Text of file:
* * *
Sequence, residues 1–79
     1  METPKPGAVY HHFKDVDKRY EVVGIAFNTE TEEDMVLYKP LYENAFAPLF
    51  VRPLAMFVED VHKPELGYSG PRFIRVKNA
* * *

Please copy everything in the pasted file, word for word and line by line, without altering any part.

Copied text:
Sequence, residues 1–79
     1  METPKPGAVY HHFKDVDKRY EVVGIAFNTE TEEDMVLYKP LYENAFAPLF
    51  VRPLAMFVED VHKPELGYSG PRFIRVKNA